This not the season one would normally talk about
grasshoppers. But since the Fly
of the Week
is Joe's Hopper — one of the recommended flies for the Yellowstone National
Park Fish-In for FAOL folks the last week in July '98 — This Weeks
View is indeed about grasshoppers.
Have you ever watched a grasshopper on water? They
don't really swim — but they sure do float. And frantically paw
at the water. I wonder if fish feel that vibration, or notice a
disturbance on the water. Whatever the mechanism is that
"keys" trout into eating, grasshoppers must be on the
Big river, small streams and the edges of ponds and lakes;
anywhere grasshoppers exist is a likely place to use a hopper
fly. There are lots of variations, my personal favorite is Joe's
My dad fished a little stocked farm pond when I was
growing up. He would walk down the hill from the house to the
pond while I watched from a screened sleeping porch. It was
usually a summer evening after work. He always carried an
old wool jacket with him. For years I thought the jacket was to
wear on the walk back if it cooled off. Wrong.
He laid the jacket down on the grass, and walked around it.
I couldn't quite see what he was doing, but in short order he
would begin casting his fly rod. I could see fish rising around
the pond. The glow of the late afternoon light would glint off
the golden rod. Mesmerizing for a little girl.
After only a few casts, he would hook, play and release a
trout. Some fiddling with the line and he began casting again.
Another fish — hooked, played and landed. He did not use a
net, but slipped his hand under the fish and removed the hook.
To my knowledge he never killed one of those trout.
Years later, when I had a serious interest in fly fishing, I
read about how to catch grasshoppers. If memory serves me,
the suggestion was to spread out a wool blanket ... walk
around it and then gather up the hoppers that had their raspy
legs caught on the wool. Never did try it myself, but I'm sure
that is exactly what dad did.
What I have tried is grasshopper flies. Here is a place
where accuracy is important — and it's not the presentation of
the fly. Match the size and color of the grasshopper to the
local variety! Then, make your cast in such a way that it will
bounce off foliage along the stream or lake. It will then plop
onto the water much like the real grasshopper who overshot
Or make a hard cast forcing the fly to splash when it lands.
In summer and early fall, even if you don't see any hoppers,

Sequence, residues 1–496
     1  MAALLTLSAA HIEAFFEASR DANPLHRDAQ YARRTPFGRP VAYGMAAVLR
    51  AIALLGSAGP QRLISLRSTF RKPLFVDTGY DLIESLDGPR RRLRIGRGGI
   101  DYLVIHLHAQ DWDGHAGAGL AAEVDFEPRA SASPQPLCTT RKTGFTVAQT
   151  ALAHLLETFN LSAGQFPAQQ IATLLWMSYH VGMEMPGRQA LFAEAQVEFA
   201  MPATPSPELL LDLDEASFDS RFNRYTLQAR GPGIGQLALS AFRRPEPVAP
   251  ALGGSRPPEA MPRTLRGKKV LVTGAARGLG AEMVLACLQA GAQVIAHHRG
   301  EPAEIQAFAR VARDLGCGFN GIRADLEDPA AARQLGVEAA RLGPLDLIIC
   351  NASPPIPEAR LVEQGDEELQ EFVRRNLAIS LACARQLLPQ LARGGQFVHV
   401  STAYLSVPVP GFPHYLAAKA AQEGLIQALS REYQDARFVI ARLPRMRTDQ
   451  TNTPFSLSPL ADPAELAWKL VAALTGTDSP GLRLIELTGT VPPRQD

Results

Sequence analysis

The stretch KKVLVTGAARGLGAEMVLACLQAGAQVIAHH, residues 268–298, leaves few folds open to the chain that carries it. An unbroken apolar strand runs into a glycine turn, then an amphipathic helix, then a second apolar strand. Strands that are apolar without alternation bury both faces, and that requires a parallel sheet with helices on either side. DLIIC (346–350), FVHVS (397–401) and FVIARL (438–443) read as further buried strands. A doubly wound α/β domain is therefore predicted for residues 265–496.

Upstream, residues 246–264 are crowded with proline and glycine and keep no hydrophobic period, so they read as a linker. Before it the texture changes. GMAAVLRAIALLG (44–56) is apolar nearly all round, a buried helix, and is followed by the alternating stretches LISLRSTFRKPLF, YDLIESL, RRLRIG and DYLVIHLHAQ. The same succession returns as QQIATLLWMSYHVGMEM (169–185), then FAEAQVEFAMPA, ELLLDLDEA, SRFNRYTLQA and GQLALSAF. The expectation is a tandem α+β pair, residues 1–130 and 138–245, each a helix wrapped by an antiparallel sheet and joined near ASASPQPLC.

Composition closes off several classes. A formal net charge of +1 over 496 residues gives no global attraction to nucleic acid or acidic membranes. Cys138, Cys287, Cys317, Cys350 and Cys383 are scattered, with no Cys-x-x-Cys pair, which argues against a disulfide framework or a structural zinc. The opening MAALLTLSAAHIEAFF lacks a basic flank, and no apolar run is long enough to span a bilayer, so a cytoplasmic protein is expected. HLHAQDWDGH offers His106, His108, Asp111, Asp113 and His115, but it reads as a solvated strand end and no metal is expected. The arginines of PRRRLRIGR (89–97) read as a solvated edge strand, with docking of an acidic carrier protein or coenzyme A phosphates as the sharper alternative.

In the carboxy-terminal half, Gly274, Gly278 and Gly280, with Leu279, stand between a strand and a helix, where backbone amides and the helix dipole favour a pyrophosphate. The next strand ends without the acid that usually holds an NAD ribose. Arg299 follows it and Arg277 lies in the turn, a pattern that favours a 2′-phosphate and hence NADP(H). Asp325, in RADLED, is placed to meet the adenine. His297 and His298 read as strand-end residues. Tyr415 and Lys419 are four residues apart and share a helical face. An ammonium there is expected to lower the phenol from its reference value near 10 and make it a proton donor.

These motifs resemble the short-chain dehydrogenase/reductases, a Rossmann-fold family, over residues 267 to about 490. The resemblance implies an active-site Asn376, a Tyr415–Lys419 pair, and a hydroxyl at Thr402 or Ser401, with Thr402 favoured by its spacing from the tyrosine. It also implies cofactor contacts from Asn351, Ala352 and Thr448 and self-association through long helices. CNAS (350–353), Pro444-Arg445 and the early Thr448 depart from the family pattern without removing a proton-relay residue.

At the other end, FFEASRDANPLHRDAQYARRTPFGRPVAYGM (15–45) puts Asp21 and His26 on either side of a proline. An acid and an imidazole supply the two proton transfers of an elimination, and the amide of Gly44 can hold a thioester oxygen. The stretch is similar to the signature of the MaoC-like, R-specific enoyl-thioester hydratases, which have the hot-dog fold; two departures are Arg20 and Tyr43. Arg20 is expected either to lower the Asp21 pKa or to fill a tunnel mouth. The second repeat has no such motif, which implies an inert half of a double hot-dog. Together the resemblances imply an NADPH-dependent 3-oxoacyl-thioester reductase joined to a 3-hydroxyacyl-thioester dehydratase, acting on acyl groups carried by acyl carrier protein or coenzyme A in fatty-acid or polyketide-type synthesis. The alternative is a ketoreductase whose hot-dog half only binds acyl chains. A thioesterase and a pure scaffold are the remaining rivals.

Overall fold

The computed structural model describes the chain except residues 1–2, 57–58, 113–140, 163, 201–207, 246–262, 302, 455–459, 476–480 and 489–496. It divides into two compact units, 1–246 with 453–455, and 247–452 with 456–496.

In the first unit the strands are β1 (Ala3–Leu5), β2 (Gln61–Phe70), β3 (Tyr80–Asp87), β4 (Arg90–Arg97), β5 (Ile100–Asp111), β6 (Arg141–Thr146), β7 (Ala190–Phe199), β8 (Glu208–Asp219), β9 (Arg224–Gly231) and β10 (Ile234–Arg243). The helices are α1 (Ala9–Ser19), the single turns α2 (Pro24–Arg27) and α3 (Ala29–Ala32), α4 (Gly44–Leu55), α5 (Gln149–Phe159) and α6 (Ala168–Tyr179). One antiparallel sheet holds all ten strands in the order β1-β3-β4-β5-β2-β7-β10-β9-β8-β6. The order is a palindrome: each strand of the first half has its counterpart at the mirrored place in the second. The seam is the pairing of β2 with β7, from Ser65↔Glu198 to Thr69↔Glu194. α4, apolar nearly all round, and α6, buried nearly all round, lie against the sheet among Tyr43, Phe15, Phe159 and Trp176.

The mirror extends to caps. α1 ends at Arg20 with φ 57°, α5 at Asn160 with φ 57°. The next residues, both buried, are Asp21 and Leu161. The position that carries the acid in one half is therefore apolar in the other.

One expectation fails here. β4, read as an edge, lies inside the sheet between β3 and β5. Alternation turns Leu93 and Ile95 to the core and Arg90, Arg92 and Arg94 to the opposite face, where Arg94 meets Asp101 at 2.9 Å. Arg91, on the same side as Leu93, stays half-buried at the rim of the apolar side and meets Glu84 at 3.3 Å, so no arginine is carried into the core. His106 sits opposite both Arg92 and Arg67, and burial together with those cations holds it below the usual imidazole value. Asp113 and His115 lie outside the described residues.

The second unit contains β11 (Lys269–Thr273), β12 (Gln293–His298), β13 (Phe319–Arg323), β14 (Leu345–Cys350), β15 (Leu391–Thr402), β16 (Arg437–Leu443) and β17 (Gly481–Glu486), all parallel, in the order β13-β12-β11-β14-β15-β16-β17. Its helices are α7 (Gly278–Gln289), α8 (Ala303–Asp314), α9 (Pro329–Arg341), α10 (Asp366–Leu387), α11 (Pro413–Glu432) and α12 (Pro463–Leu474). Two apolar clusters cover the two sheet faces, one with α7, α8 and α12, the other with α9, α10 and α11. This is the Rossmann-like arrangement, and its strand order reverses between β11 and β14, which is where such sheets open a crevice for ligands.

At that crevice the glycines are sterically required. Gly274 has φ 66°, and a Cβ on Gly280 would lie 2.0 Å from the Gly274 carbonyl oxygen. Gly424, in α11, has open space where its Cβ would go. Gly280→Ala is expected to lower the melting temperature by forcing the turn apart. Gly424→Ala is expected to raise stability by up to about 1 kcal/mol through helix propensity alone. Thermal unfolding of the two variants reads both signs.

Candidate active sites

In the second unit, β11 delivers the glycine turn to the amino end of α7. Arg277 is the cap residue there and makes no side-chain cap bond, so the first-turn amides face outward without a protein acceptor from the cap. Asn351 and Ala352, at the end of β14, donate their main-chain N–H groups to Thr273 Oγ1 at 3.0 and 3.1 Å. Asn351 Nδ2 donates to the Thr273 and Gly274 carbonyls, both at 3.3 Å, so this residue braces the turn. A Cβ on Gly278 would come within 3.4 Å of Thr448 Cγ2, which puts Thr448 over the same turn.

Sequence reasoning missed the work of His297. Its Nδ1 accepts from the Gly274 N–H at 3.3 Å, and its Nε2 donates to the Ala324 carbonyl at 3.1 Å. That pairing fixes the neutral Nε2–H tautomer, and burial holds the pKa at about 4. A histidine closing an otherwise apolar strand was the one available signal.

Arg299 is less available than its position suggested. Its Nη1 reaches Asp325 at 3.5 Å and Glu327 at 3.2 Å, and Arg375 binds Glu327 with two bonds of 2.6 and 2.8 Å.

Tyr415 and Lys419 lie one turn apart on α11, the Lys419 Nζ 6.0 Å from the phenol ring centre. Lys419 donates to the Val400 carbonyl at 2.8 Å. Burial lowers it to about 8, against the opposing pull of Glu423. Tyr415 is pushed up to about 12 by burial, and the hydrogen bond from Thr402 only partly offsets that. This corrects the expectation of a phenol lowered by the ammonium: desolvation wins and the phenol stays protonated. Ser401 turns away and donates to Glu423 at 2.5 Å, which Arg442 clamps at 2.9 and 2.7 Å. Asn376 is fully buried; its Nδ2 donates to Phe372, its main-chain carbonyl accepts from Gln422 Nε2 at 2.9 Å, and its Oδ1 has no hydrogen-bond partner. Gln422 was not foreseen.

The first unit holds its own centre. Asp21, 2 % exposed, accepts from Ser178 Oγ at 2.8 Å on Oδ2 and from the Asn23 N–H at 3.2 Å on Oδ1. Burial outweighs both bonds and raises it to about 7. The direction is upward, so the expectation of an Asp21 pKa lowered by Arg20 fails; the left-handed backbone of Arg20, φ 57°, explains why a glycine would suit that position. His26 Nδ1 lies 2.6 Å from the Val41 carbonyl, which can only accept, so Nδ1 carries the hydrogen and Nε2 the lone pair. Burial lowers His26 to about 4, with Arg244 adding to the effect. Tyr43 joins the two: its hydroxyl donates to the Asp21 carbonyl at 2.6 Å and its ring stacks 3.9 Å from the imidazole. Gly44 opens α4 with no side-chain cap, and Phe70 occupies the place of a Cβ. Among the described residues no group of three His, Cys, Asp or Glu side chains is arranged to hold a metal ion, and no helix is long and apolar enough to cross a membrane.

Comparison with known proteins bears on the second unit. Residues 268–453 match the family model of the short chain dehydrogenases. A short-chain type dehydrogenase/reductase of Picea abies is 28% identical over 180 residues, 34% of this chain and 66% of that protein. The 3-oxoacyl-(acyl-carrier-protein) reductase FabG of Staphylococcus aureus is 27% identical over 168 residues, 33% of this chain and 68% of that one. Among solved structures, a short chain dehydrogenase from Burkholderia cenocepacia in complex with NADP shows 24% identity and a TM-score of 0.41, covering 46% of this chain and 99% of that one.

try them anyway. Trout have a memory — and hoppers drive
Trout and bass eat them up like popcorn. (Sorry purists,
but bass are fighters and great fun to catch.) If you are
fishing a lake, find some cattails or lily pads and bounce the fly
off those. Keep the tippet as small as you safely can, and have
fun! Here is a little hint: smash down the barb on the hook —
you can use a size lighter tippet.
Grasshoppers are just one of a whole group of terrestrials;
i.e.various insects that don't come to trout via the nymph
route, (land-bred critters.) Ants, spiders, and beetle flies all
work well in summer and early fall. One of the most famous
terrestrials, called the Jassid, was designed to match a
Japanese Beetle. The fly still works, even tho' the insect it
imitated was wiped out years ago.
Some years ago, on a mid-west stream, JC and I were
sitting on a stream bank, waiting for an expected mayfly
hatch. We saw a trout come up out of the water to take
something, right under an overhanging birch tree. We didn't
see anything on the water. No insects. And it happened again.
Finally we couldn't take it any more and examined the tree.
We found a little greeny worm, (maybe an inch worm.)
We usually had a stream-side tying kit in the car, and with a
little green chenille a reasonable imitation appeared. There
just isn't anything like tying an experimental fly and giving it a
shot. Unless it is having a nice trout grab it!
Terrestrial numbers are astounding. If you find surface
feeding fish and can't find the usual suspects hatching, look a
little closer. You may discover a whole new world.
~ The LadyFisher
If you would like to comment on this or any other article please feel free to
post your views on the FAOL Bulletin Board!